Homosexuality was not discussed in the evangelical Christian household that I grew up in. I don’t recall my parents ever mentioning views that were either supportive or disapproving of gay people. But from the various pulpits I listened to until my mid-20s and among my Christian friends, it was taught to me that homosexuality was a sinful lifestyle that this deviant group of people had chosen.
Into early adulthood, I had adopted these views: While we should be kind to everyone – gays included – by no means should we accept them for the choices they’ve made much less approve of them. But it was more than that. In a tacit way, I was taught that homosexuals (much less bisexuals and transgender people) were odd, weird, alien, different, not to be trusted. They were The Other. They were flamboyant perverts, ladyboys and hedonists who had rejected God and were souring our society. It was easy to feel icky, easy to despise gay people, to shamefully think them lesser – especially since I didn’t know any, and it’s easy to fear what we don’t know.
And then I met John. I was 23 and we worked at the same newspaper, and he was the first openly gay person I’d ever known. John wasn’t anything like the gay monster I’d been led to believe all gay people were. He was kind, selfless and went out of his way to befriend me. He was inquisitive and as serious as he was witty, always a good time to hang with. He didn’t talk in an effeminate voice (weren’t all gay men effeminate?). But more than anything, he was just a regular old dude. Very quickly, he shattered every gay stereotype I’d carried for years. I couldn’t help but think that everything I’d been told about what it meant to be gay was a lie.
Around the same time, something happened in my best friend’s extended family. In this Christian household, I’d heard a number of anti-gay and blatantly homophobic jokes, remarks and views over the years. And then one day, lo and behold, my best friend’s young, charismatic, beloved uncle came out after living with his “friend” for a number of years. Here he was now, gay as can be. And my friend’s family had to deal with it. Bless them, they welcomed him warmly and openly and overnight became an accepting, pro-gay family. All it took was someone they loved being gay and it transformed their attitudes toward an entire population of people.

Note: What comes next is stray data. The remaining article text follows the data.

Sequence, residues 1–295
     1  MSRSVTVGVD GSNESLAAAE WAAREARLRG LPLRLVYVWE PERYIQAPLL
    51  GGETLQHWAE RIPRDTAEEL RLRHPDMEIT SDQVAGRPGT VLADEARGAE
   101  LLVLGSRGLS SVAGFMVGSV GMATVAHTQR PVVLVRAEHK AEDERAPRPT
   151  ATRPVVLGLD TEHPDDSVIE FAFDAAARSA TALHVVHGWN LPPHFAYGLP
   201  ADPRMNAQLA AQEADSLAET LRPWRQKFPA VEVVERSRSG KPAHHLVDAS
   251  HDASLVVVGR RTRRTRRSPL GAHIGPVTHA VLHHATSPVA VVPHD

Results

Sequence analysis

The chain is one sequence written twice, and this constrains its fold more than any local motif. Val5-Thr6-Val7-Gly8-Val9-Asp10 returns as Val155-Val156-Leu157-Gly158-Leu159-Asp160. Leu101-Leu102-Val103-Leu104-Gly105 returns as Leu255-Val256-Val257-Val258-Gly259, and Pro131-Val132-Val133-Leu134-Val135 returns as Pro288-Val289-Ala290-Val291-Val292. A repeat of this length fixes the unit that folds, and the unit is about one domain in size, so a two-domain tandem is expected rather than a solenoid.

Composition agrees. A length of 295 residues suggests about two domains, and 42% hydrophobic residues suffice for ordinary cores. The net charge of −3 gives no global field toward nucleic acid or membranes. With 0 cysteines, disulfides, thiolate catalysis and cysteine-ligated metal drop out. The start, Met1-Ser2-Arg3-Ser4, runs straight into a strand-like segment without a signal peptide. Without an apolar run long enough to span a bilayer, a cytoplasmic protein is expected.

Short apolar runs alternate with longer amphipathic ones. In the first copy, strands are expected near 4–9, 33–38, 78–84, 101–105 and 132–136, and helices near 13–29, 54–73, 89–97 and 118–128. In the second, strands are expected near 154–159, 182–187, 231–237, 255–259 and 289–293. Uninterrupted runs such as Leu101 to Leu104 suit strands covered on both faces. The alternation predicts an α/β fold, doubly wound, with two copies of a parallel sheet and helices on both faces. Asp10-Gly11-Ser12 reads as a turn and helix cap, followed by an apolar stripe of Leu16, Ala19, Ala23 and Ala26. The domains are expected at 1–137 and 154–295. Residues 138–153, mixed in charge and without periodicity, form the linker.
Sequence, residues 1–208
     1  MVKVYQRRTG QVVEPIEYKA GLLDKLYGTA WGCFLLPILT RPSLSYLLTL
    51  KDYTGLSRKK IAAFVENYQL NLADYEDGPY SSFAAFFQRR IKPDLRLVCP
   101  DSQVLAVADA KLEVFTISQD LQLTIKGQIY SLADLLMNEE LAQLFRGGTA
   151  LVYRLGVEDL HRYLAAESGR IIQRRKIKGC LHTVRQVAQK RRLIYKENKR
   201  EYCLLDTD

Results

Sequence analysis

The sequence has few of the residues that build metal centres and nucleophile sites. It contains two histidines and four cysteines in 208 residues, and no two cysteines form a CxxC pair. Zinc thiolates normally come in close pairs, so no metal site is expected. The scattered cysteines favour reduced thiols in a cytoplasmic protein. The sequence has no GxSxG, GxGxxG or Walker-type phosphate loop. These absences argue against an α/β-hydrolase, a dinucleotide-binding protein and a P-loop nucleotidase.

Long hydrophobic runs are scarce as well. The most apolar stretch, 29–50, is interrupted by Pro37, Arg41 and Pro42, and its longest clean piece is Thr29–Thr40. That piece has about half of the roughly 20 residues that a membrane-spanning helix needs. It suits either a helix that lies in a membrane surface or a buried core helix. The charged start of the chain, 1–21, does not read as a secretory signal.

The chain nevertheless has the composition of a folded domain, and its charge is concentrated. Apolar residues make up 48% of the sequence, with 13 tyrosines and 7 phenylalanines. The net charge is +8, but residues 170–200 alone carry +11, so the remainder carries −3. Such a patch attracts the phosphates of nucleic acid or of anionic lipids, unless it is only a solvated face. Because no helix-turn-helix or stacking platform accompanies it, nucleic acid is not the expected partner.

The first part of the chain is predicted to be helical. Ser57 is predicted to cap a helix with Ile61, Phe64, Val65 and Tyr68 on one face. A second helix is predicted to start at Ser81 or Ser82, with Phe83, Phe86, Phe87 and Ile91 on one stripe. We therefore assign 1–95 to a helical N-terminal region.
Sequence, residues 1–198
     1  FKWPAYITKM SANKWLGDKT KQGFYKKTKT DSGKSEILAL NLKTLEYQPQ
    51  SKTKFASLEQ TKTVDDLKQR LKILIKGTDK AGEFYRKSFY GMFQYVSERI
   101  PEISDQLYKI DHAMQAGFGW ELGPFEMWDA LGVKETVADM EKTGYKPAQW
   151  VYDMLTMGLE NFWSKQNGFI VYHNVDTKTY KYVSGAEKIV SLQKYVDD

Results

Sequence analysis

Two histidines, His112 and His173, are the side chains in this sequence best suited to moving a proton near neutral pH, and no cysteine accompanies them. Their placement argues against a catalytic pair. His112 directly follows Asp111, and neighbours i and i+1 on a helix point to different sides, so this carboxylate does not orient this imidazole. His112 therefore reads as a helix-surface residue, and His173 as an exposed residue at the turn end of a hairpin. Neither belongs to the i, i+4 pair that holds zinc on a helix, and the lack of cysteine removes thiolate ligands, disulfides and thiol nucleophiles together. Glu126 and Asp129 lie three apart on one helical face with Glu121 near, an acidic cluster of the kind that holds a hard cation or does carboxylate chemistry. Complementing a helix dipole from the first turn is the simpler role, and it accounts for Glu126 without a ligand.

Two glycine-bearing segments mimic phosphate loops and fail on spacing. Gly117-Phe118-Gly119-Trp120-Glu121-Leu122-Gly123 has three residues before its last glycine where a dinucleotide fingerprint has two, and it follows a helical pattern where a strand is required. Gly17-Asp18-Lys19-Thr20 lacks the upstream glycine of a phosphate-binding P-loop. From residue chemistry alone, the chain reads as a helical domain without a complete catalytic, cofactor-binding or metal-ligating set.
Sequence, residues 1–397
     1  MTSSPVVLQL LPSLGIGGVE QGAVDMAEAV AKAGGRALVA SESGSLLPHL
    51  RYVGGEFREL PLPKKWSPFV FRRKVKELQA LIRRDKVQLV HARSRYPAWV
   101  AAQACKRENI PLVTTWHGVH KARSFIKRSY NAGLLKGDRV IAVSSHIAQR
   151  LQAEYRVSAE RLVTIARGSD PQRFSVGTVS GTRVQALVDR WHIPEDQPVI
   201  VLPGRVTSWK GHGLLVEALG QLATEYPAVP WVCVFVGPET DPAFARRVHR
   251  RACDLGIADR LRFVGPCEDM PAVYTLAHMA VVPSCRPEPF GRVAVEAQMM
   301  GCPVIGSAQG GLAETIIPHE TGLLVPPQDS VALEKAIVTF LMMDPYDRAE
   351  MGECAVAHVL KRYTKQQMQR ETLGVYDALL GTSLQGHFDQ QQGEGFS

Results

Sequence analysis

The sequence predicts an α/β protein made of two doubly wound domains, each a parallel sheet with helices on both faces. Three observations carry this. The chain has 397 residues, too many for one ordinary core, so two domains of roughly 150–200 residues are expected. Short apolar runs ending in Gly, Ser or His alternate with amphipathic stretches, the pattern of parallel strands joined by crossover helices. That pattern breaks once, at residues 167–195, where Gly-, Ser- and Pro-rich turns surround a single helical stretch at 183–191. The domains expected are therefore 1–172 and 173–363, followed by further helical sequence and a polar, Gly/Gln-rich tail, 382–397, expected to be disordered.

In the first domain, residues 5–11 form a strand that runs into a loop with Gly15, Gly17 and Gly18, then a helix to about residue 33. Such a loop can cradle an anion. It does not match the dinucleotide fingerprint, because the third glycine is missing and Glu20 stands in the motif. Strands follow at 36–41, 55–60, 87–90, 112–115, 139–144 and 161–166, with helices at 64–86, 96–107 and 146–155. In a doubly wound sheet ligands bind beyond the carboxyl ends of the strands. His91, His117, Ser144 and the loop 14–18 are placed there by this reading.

This is why Pride matters to me. This is how being out and open can make an impact.
Rarely do hearts change by being told to. A politician, teacher, book or celebrity can rarely make an impact on someone’s heart. That’s not how we change. Change comes from within, and it’s usually stirred and provoked by personal relationships. When people we love courageously come out, it makes it hard to dislike people like them, people who have endured similar experiences. We are forced to make a choice to either love them or shun them or something in between. And that’s how change happens. That’s how cultural movements take hold, one heart at a time.
I cannot begin to know what it’s like being an LGBT person, much less someone living openly and proud. My heart breaks for those who are discriminated against or treated differently simply for being the people they were born as. They did not choose their queerness, just as I did not choose my straightness.
But the more of our friends who are out and proud shows all of us that the LGBT community is made up of people who want what everyone else wants in life. They are our neighbors, our friends, our colleagues and our community leaders. They are people we love and respect, whether we know they’re gay or not. That’s something to celebrate. Happy Pride.